As I explained in detail above, the rules are that the pinion slope must match the transmission output shaft slope and the rear u-joint operating angle must match the front u-joint’s within +- 1° during normal operating conditions. For our example, the output shaft slope is negative, so the pinion slope must be negative (nose up) during normal operating conditions. The front u-joint operating angle is 4°, so the rear u-joint operating angle needs to fall between 3° and 5° during normal operating conditions. Let’s say this car will likely see an average street cruising speed of 50 MPH around town, so the axle wrap won’t be much compared to wide open throttle. There is no precise way to determine axle wrap since there are many variables difficult or impractical to measure. The only way to measure axle wrap would be to strap a protractor to the axle housing, strap a video-recording device to the underside of the vehicle facing the protractor, and go drive at a steady 50 MPH. The amount of bouncing around in the suspension would likely give an inaccurate reading anyway, so we are left with approximation based off drive shaft builders’ observations. After discussing axle wrap with multiple drive shaft builders, the consensus is that about 1° – 2° is the most a leaf spring rear end would see at a sustained 50 MPH with new leaf springs. Old or soft leaf springs would see more wrap. Four-link, ladder bar, and rear axles with traction bars will have less axle wrap and can be limited through adjusting the components. These components should be inspected for how much flex they provide in the bars and bushings and an axle-wrap conclusion built off that inspection.

Here is yet another area where online resources can really screw someone up since many articles say to factor in a whopping 5° – 10° of axle wrap for leaf springs, which is a wild range considering the front and rear u-joint operating angles need to be within +- 1° of each other. In the case of our example, I need 3° – 5° of rear u-joint operating angle with the pinion at a negative slope (nose up) at a sustained 50 MPH. If I listened to those saying to account for 5° – 10° axle wrap, I’d need to set the pinion angle at 3° positive slope (pinion nose down) so that when the axle wrapped up 7° my front and rear u-joint operating angles would match at 4° +- 1° with the pinion slope at the matched negative slope. But what if the axle only wraps 2° like drive shaft builders claim? My pinion angle would be at 1° of positive slope (nose down). The rear u-joint operating angle would be 4° outside the +-1° limit, and the pinion slope would be positive and not match the transmission output shaft’s negative slope. This scenario would definitely cause severe harmonic vibrations and premature wear on the u-joints.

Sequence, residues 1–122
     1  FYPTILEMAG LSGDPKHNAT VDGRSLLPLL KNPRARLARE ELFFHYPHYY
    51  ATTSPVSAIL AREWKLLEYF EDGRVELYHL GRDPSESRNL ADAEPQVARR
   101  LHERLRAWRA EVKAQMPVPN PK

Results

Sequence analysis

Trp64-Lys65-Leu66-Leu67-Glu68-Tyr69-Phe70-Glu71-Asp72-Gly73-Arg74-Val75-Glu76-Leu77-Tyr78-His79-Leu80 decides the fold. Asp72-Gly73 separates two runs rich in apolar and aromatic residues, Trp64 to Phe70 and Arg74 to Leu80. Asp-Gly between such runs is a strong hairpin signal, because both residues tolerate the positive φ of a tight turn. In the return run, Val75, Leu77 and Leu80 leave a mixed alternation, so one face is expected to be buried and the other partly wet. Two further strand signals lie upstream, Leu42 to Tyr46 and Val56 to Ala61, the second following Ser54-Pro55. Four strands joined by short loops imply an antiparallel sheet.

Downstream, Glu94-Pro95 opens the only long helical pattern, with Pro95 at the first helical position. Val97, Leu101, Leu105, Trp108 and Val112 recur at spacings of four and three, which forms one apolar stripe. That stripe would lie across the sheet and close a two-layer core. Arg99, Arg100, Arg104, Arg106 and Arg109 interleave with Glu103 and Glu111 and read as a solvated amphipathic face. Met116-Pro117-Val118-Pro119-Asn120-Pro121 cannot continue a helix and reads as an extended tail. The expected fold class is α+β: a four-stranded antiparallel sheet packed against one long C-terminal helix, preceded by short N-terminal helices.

Following multiple drive shaft builders’ recommendations for leaf spring rear suspension, I recommend setting the pinion angle at 2° less than the front u-joint angle with the assumption that the axle will wrap up between 1° and 3°. For our example of a front u-joint operating angle of 4°, setting the pinion angle at 2° with negative slope would keep me within the 4° +-1° rear u-joint operating angle at 50 MPH if the axle wraps up 1° – 3°.

For another practical example for leaf spring rear suspension, let’s say the transmission output shaft is a negative slope and the front u-joint operating angle is 2°. In this situation, I would set the pinion angle to 0° expecting an axle wrap of 1° – 3° would bring the pinion angle up to a negative slope (nose up) that matches the output shaft, and the rear u-joint operating angle would be 1° – 3°, within +-1° of the front’s 2°.

Setting calculating pinion angle
Figure 4: Calculating U-joint Operating Angles
Spicer U-joint Operating Angle Limits for Drive shaft RPM
Figure 5: Spicer U-joint Operating Angle Limits for Drive Shaft RPM
Realistic Example from My 1956 Dodge Coupe

I know I just covered a lot of material, so I want to run through one last practical example taken directly from building my 1956 Dodge coupe. I gutted the engine, transmission, and suspension of the car to install a 1996 Dodge Dakota front clip and 2001 Ford Explorer 8.8″ rear axle and new custom leaf springs. I also installed a poly A-block 390 stroker engine and TorqueFlite 727 transmission. Essentially, I was starting from scratch and had to set the transmission output shaft angle and rear pinion angle before I could weld the new spring perch pads to the rear axle housing. I also had no drive shaft and needed to measure that to have one made.